Rule 6.610 Criminal Procedure Generally

(A) Precedence. Criminal cases have precedence over civil actions.

(B) Pretrial. The court, on its own initiative or on motion of either party, may direct the prosecutor and the defendant, and, if represented, the defendant's attorney to appear for a pretrial conference. The court may require collateral matters and pretrial motions to be filed and argued no later than this conference.

(C) Record. Unless a writing is permitted, a verbatim record of the proceedings before a court under subrules (D)-(F) must be made.

(D) Arraignment; District Court Offenses.

(1) Whenever a defendant is arraigned on an offense over which the district court has jurisdiction, the defendant must be informed of

(a) the name of the offense;

(b) the maximum sentence permitted by law; and

(c) the defendant’s right

(i) to the assistance of an attorney and to a trial;

(ii) (if subrule [D][2] applies) to an appointed attorney; and

(iii) to a trial by jury, when required by law.

The information may be given in a writing that is made a part of the file or by the court on the record.

(2) An indigent defendant has a right to an appointed attorney whenever the offense charged requires on conviction a minimum term in jail or the court determines it might sentence to a term of incarceration, even if suspended.

If an indigent defendant is without an attorney and has not waived the right to an appointed attorney, the court may not sentence the defendant to jail or to a suspended jail sentence.

(3) The right to the assistance of an attorney, to an appointed attorney, or to a trial by jury is not waived unless the defendant

(a) has been informed of the right; and

(b) has waived it in a writing that is made a part of the file or orally on the record.

(4) The court may allow a defendant to enter a plea of not guilty or to stand mute without formal arraignment by filing a written statement signed by the defendant and any defense attorney of record, reciting the general nature of the charge, the maximum possible sentence, the rights of the defendant at arraignment, and the plea to be entered. The court may require that an appropriate bond be executed and filed and appropriate and reasonable sureties posted or continued as a condition precedent to allowing the defendant to be arraigned without personally appearing before the court.

(E) Pleas of Guilty and Nolo Contendere. Before accepting a plea of guilty or nolo contendere, the court shall in all cases comply with this rule.

(1) The court shall determine that the plea is understanding, voluntary, and accurate. In determining the accuracy of the plea,

(a) if the defendant pleads guilty, the court, by questioning the defendant, shall establish support for a finding that defendant is guilty of the offense charged or the offense to which the defendant is pleading, or

(b) if the defendant pleads nolo contendere, the court shall not question the defendant about the defendant's participation in the crime, but shall make the determination on the basis of other available information.

(2) The court shall inform the defendant of the right to the assistance of an attorney. If the offense charged requires on conviction a minimum term in jail, the court shall inform the defendant that if the defendant is indigent the defendant has the right to an appointed attorney. The court shall also give such advice if it determines that it might sentence to a term of incarceration, even if suspended.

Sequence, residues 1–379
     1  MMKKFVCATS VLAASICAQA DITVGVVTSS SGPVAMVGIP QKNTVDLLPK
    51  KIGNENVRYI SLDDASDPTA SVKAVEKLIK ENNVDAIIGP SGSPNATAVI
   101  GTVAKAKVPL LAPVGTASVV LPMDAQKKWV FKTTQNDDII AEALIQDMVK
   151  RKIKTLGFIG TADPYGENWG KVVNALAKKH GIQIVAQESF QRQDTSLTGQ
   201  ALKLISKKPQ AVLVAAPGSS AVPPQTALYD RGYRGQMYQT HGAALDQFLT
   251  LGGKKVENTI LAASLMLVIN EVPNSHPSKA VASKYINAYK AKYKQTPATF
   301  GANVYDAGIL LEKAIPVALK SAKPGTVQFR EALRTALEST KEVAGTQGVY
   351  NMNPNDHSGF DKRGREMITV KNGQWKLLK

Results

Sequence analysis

(3) The court shall advise the defendant of the following:

(a) the mandatory minimum jail sentence, if any, and the maximum possible penalty for the offense,

(b) that if the plea is accepted the defendant will not have a trial of any kind and that the defendant gives up the following rights that the defendant would have at trial:

(i) the right to have witnesses called for the defendant’s defense at trial,

(ii) the right to cross-examine all witnesses called against the defendant,

(iii) the right to testify or to remain silent without an inference being drawn from said silence,

(iv) the presumption of innocence and the requirement that the defendant’s guilt be proven beyond a reasonable doubt.

(4) A defendant or defendants may be informed of the trial rights listed in subrule (3)(b) as follows:

(a) on the record,

(b) in a writing made part of the file, or

(c) in a writing referred to on the record.

If the court uses a writing pursuant to subrule (E)(4)(b) or (c), the court shall address the defendant and obtain from the defendant orally on the record a statement that the rights were read and understood and a waiver of those rights. The waiver may be obtained without repeating the individual rights.

(5) The court shall make the plea agreement a part of the record and determine that the parties agree on all the terms of that agreement. The court shall accept, reject or indicate on what basis it accepts the plea.

(6) The court must ask the defendant:

(a) (if there is no plea agreement) whether anyone has promised the defendant anything, or (if there is a plea agreement) whether anyone has promised anything beyond what is in the plea agreement;

(b) whether anyone has threatened the defendant; and

(c) whether it is the defendant's own choice to plead guilty.

(7) A plea of guilty or nolo contendere in writing is permissible without a personal appearance of the defendant and without support for a finding that defendant is guilty of the offense charged or the offense to which the defendant is pleading if